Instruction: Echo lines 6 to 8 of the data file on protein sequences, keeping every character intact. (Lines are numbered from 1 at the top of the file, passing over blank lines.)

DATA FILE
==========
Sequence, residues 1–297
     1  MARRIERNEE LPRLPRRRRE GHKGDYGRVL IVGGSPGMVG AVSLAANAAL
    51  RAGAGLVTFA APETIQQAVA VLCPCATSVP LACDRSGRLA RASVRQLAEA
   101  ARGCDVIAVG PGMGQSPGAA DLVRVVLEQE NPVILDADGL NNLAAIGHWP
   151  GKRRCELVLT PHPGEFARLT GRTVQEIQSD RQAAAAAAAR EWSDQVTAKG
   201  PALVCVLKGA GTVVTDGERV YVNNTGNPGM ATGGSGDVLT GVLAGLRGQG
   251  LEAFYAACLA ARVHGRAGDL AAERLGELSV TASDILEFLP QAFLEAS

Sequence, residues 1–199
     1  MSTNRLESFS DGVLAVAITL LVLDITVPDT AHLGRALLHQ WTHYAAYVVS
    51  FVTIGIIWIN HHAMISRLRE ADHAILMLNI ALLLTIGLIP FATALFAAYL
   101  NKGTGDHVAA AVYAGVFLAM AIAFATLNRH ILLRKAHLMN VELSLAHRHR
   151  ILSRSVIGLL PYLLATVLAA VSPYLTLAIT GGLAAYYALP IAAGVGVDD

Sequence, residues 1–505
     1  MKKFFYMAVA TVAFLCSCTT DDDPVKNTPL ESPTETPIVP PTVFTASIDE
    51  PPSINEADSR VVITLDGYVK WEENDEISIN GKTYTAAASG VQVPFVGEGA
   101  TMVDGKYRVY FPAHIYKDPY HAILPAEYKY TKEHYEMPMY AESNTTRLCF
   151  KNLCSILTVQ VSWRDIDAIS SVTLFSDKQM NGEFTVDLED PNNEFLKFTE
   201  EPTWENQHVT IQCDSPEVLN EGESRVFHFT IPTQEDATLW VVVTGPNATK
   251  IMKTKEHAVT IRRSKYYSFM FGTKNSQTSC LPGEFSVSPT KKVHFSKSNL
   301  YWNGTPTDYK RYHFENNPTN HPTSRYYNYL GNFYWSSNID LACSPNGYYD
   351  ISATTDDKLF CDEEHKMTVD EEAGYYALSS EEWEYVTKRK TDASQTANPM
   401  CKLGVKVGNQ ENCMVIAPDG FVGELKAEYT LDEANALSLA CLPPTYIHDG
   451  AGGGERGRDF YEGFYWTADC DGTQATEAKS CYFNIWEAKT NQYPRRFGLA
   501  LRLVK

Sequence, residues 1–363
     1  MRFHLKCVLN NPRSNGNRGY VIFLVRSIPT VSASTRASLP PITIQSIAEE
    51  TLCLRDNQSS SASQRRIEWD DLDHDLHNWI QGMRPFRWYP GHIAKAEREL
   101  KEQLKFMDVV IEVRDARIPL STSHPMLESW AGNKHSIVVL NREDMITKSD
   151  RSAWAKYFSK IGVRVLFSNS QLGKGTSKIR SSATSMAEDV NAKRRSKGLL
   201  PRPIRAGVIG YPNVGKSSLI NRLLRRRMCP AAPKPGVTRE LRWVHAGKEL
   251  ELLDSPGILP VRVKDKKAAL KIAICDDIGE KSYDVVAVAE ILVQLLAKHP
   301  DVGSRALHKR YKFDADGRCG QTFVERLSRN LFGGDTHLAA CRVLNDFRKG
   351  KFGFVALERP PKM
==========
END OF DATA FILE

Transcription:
   201  PALVCVLKGA GTVVTDGERV YVNNTGNPGM ATGGSGDVLT GVLAGLRGQG
   251  LEAFYAACLA ARVHGRAGDL AAERLGELSV TASDILEFLP QAFLEAS

Sequence, residues 1–199